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Int Psychogeriatr. 2019 Feb 21:1-7. doi: 10.1017/S1041610218001473. [Epub ahead of print]

A Delphi study of late-onset personality disorders.

Author information

1
Department of Psychiatry,Harvard Medical School,Boston, MA,USA.
2
Clinical Psychology Department,William James College,Newton, MA,USA.
3
Psychiatry and Human Behavior,Sidney Kimmel Medical College of Jefferson University,Philadelphia, PA,USA.
4
Clinical Geropsychology, Department of Clinical & Lifespan Psychology,Vrije Universiteit Brussel (VUB),Brussels,Belgium.

Abstract

ABSTRACTObjectives:The DSM-5 describes personality disorders (PDs) as emerging in early life and remaining continuous throughout the life-span. Yet case studies and expert opinion support the existence of late-onset PDs. Little is known about PDs in late life, and our instruments for assessing them are not well validated. Thus, the focus of this exploratory Delphi study was the late-onset PD, with special attention to the accuracy of the core criteria for the diagnosis.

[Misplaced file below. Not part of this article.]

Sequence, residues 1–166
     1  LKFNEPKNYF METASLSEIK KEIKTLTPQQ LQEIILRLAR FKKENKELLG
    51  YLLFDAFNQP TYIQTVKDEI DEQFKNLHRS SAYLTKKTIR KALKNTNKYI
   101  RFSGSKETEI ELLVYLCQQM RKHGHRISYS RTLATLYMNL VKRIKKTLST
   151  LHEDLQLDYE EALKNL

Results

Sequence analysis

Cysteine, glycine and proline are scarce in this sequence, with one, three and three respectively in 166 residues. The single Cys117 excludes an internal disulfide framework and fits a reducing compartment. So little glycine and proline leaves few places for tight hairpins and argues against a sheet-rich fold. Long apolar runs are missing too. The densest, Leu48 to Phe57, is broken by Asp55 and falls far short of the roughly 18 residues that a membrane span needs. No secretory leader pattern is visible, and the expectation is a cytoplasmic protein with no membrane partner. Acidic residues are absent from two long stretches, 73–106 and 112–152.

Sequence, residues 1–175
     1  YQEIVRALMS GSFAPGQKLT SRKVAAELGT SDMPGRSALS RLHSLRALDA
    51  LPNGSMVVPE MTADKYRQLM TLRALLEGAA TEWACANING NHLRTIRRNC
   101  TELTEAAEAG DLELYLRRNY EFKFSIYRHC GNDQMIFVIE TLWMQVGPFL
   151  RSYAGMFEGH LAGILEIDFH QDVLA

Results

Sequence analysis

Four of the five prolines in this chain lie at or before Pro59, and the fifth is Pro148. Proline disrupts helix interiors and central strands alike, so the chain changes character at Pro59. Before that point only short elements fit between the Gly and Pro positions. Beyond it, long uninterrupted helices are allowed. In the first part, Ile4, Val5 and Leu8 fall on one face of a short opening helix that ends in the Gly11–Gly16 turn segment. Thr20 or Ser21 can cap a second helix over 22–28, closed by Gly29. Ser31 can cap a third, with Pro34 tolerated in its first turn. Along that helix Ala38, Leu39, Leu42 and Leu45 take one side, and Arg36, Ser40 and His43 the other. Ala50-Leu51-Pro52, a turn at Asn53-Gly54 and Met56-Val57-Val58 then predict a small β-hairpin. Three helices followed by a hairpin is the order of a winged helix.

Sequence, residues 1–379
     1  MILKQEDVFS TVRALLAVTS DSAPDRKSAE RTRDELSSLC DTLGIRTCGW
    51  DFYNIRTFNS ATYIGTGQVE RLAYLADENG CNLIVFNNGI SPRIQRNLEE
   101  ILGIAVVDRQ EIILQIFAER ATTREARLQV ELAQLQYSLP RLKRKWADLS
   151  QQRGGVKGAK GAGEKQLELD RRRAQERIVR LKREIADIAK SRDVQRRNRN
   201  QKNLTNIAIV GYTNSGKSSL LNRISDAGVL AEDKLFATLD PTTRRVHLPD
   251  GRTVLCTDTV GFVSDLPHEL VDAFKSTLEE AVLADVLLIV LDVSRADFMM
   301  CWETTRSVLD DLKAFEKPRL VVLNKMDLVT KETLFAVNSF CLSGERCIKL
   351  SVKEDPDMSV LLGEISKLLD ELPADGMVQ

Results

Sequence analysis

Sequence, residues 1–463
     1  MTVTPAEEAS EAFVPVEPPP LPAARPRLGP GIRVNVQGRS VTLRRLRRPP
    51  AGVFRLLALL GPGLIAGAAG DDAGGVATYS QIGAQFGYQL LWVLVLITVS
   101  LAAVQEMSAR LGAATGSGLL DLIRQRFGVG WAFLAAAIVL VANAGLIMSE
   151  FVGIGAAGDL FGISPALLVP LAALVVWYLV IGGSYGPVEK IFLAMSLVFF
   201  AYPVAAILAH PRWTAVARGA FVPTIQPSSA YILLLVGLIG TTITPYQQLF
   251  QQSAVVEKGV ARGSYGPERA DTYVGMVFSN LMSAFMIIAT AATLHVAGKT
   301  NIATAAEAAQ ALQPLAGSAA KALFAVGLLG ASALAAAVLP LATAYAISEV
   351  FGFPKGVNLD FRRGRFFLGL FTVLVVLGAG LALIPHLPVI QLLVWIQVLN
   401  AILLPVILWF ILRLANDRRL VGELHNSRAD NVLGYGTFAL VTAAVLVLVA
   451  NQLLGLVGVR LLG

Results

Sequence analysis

DESIGN:

A Delphi study was designed to assess the presentation of PDs in late life. The Delphi consisted of three successive rounds of inquiry. Between rounds, the participants were provided with a summary of the panel's responses.

PARTICIPANTS:

A panel of 21 experts included published authors, researchers, and teachers from the USA, the UK, Australia, France, Belgium, and the Netherlands.

MEASUREMENTS:

Researchers designed a survey that included an introduction, a demographic questionnaire, and five questions that varied in presentation and response format.

RESULTS:

Experts reached consensus that a variant of PD appears de novo in old age. The core features of inflexibility and pervasiveness may not pertain to late-onset PD. There was agreement that frequently occurring life events contribute selectively to the expression of late-onset PD, with the major ones being death of a spouse or partner and transition to a nursing or assisted-living facility.

CONCLUSIONS:

Nearly all participants took the position that PD can present for the first time in old age and be clinically identifiable without having been so identified earlier in life.

KEYWORDS:

late-onset personality disorders; personality disorders in older adults

PMID:
30786949
DOI:
10.1017/S1041610218001473

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